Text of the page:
There is one primary reason why guns are so readily available to adolescents. There is a lack of legislation requiring accountability on the part of those who keep their firearms in a careless manner. A substantial body of public health evidence links the ready availability of firearms, especially in homes, to suicides generally and to adolescent suicides in particular. Even without the studies, common sense informs us that ready availability of the most lethal method of suicide to a population group marked by immaturity, impulsiveness, and shortsightedness is a dangerous mix. Adolescent firearm suicides are a natural and probable consequence of the coalescence of four factors: (1)firearms are successful in delivering a fatal shot 85 percent of the time, (2) 40 percent of American households own firearms, 90 percent of suicides occur in the home of an adolescent, and millions of people negligently store their firearms. Suicide is a violent end to a troubled life. However, it is also one of the most glanced over areas of gun-control legislation.
One opponent of the recent swing in firearm de-regulation is Laurence Tribe. Tribe’s belief may be seen as an echo from the past. To Tribe, the right is based off of narrow principles and intended for protective purposes only. “Perhaps the most accurate conclusion one can reach with any confidence is that the core meaning of the Second Amendment is a populist / republican / federalism one: Its central object is to arm ‘We the People’ so that ordinary citizens can participate in the collective defense of their community and their state. But it does so not through directly protecting a right on the part of states or other collectivities, assertable by them against the federal government, to arm the populace as they see fit. Rather the amendment achieves its central purpose by assuring that the federal government may not disarm individual citizens without some unusually strong justification consistent with the authority of the states to organize their own militias. That assurance in turn is provided through recognizing a right (admittedly of uncertain scope) on the part of individuals to possess and use firearms in the defense of themselves and their homes — not a right to hunt for game, quite clearly, and certainly not a right to employ firearms to commit aggressive acts against other persons — a right that directly limits action by Congress or by the Executive Branch and may well, in addition, be among the privileges or immunities of United States citizens protected by the Fourteenth Amendment against state or local government action.”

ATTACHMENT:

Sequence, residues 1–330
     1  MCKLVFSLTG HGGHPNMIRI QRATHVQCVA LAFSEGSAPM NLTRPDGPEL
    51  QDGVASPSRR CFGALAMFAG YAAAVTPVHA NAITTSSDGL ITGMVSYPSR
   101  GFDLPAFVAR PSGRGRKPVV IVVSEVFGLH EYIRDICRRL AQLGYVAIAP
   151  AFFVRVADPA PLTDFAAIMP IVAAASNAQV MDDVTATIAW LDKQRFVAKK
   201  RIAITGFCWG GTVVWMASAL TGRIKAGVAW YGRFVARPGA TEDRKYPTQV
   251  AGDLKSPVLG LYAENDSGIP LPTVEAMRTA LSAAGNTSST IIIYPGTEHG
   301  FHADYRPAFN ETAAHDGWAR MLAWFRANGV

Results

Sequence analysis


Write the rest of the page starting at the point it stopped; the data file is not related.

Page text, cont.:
The Incorporation Doctrine has mistakenly provided proponents of firearm de-regulation with an outlet for bestowing every eligible American with the right to own firearms.
“Opponents of gun control legislation continue, as they have for years, to invoke the Second Amendment as a bar to meaningful legislative action restricting the possession of or transactions in firearms. This invocation of the Second Amendment ignores the prefatory language which clearly ties the right to bear arms to the maintenance of state militias. There is no legal support for the proposition that the Second Amendment provides for some fundamental personal, absolute right to bear arms. Despite arguments to the contrary, the Second Amendment is simply not written in the same personal, individual rights terminology as are other provisions of the Bill of Rights, such as the First and Fifth Amendments.”
Furthermore, the incorporation doctrine was designed with the intention of binding the Bill of Rights to the states. It was not designed to change the meaning behind each amendment in the Bill of Rights. For instance, the Incorporation Doctrine never outwardly changed the entire meaning of the establishment clause, nor did it change every American’s ability to exercise their freedom of speech, or the ability for a man and a woman to get married. However, it did change the entire meaning of the second amendment after the Miller v. Texas decision. The Second Amendment has been manipulated to the point where is does not even exhibit the same distinct characteristic tone that it embodied when Madison drafted it two hundred and thirty years ago. The Second Amendment, the most simple and straightforward phrase in American discourse, has been wildly interpreted and augmented to include an entire class of people that it’s creators never intended to include. Furthermore, many Justices, most notably, Scalia, a self-purporting originalist, have switched bearings by applying the Second Amendment as if it were part of a “living breathing document,” in a total shift from originalism, by using nineteenth century principles under the guise of originalist philosophy. What has resulted is millions of people who believe that it is their constitutional right to own un-regulated firearms. Even the NRA has realized the pitfalls associated with their application of the Second Amendment. Unlike the uneducated cowboys, who brandish their weapons as if they are toys, the NRA is one of the strongest lobbying groups in the United States. Most Americans are familiar with only part of its language, the abridged version emblazoned on the edifice of the National Rifle Association’s Washington, D.C., headquarters: “The right of the people to keep and bear arms shall not be infringed.” The conspicuous omission of the first thirteen words of the amendment – the most important 13 contextually – speaks volumes.” The limitation of the Second Amendment written on the headquarters of the NRA is a testament to the erroneous interpretation of the Second Amendment that has become a part of the American, gun-toting, cowboy culture.